Thursday, July 28, 2011

A Call to Honesty? Global Warming "Alarmism"

According to a post I read on Facebook earlier today, global warming being caused by human-made atmospheric emissions was once and for all debunked. I thought, "hrm... that's curious," so I clicked on the link the post was referring to and came across James M. Taylor's article, New NASA Data Blow Gaping Hole In Global Warming Alarmism, about how NASA data apparently prove that global warming is not a big deal. The article is an interesting read, and obviously an op-ed piece, full of the same sensationalized language he chastises "alarmists" of having. What gets me is not the data Taylor cites, which doesn't say much aside from the fact that the more apocalyptic-leaning predictions of scientists may be wrong since the earth's atmosphere lets a significant amount of energy into space. As far as I could tell, the data did not say that global warming is an hoax nor did it say that we should stop caring about carbon emissions. One can read the press release here or the abstract or full article here.

The article does not make conclusions about what is causing climate change, but merely says that as of right now we do not know whether or not the climate is changing as a result of human-made emissions. The data also does not explain continuing data and observations about climate change that show that the climate is changing (the article I linked to I found on NASA's very own website on climate change, In the end, the article really does not say much other than computer models were wrong because they did not take into account this new finding on earth's atmosphere's ability to adapt. It does not say that global warming is a hoax, nor does it chastise what Taylor calls "alarmists."

But here is the interesting part. This is how Taylor ends his article:

"When objective NASA satellite data, reported in a peer-reviewed scientific journal, show a 'huge discrepancy' between alarmist climate models and real-world facts, climate scientists, the media and our elected officials would be wise to take notice. Whether or not they do so will tell us a great deal about how honest the purveyors of global warming alarmism truly are." (Emphasis Mine).

What I find most interesting about the article, as I said, is not the data it points to. What I find most interesting is Taylor's call for global warming alarmists to be honest. I say this is interesting because Taylor is the senior fellow for environmental policy at the Heartland's Institute. I find Taylor's call to honesty interesting because the Heartland Institute, a non-profit organization, received more than $600,000 from Exxon-Mobile. How can Taylor ask honesty of the scientific consensus when the company he works for received significant funding from Exxon-Mobile? A call to honesty, indeed.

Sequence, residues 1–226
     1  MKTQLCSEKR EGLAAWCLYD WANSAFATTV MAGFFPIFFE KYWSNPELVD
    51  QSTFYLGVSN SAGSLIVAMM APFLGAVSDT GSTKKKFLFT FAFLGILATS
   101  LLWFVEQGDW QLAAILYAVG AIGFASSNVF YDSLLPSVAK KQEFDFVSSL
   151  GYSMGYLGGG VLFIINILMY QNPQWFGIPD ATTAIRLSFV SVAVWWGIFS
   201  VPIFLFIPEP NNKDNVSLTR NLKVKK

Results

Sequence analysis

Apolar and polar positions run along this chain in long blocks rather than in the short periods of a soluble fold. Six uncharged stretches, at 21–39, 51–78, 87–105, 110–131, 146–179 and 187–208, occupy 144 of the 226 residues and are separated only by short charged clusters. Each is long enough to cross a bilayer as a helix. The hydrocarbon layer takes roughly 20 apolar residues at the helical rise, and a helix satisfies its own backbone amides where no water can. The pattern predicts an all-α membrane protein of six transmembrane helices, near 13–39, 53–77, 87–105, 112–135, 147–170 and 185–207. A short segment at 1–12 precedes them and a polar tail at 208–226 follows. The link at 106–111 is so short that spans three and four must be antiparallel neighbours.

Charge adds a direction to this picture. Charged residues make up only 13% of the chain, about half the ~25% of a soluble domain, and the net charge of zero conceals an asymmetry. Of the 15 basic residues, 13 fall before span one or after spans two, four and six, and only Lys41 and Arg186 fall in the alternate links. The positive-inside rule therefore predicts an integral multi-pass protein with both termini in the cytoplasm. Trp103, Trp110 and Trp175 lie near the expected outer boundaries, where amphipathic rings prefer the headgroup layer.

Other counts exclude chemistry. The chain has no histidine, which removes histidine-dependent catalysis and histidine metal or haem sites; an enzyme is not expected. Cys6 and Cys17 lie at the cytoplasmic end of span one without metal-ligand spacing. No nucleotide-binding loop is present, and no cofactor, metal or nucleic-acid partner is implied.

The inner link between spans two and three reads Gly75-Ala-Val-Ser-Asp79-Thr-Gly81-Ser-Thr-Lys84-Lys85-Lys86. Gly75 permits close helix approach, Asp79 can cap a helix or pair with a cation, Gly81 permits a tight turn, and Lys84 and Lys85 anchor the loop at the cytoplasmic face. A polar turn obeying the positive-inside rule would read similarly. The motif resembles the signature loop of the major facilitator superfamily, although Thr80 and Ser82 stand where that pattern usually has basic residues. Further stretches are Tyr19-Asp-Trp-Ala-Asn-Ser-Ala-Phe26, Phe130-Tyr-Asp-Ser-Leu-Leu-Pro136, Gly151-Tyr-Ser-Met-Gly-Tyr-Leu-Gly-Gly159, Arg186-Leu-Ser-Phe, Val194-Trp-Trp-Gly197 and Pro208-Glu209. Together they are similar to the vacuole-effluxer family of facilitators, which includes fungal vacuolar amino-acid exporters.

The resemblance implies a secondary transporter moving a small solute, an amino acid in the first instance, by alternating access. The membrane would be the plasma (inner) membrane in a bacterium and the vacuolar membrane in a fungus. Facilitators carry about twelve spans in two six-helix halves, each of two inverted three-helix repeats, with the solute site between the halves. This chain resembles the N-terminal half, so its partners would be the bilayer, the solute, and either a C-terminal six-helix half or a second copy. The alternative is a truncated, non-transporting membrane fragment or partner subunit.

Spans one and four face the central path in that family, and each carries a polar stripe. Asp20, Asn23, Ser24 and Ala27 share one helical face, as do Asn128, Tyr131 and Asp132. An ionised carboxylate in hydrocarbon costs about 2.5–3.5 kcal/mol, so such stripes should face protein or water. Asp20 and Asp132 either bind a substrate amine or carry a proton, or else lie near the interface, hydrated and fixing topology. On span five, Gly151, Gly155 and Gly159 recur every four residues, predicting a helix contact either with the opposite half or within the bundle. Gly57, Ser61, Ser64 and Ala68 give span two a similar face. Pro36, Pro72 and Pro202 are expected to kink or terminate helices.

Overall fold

There will need to be more research to see how much of a negative effect human-made emissions are making upon the planet, certainly. And I'm sure it will cause climatologists to adjust some of their findings. And, although the vast majority of data I've read and come across suggests that global warming and climate change is at least partially (if not primarily) caused by human activity, I know that carbon emissions and other greenhouse gases damage local ecosystems. Even if global warming really were once and for all debunked, as my friend's facebook status declared, it would not change the fact that humanity is having a negative impact on the earth. You need only look at polluted streams, disappearing ecosystems, rising cancer rates in urban areas, and vast islands of plastic in the ocean to see that.

Tuesday, July 26, 2011

Gender, Sex, and the Brain

I had the opportunity to listen in on a conversation between a young mother and a mother of a college-aged student as they shared experiences, stories, and wisdom. This was at a church function in an urban area. The young mother’s husband was sitting at the table as well, his child in his lap.

The conversation turned as the mother of the college-aged student said, “Just wait until she grows up, then you’ll be up all night worrying.”

Another mother joined in and said, “One time, my son stayed out several hours past his curfew. I was worried sick. And would you believe it? My husband went to bed! I woke him up and asked him how he could sleep when our son could be out there in danger or hurt. My husband replied ‘if there was anything wrong, we would have heard about it. Now I need my rest so I have the energy to kill him when he comes home.’”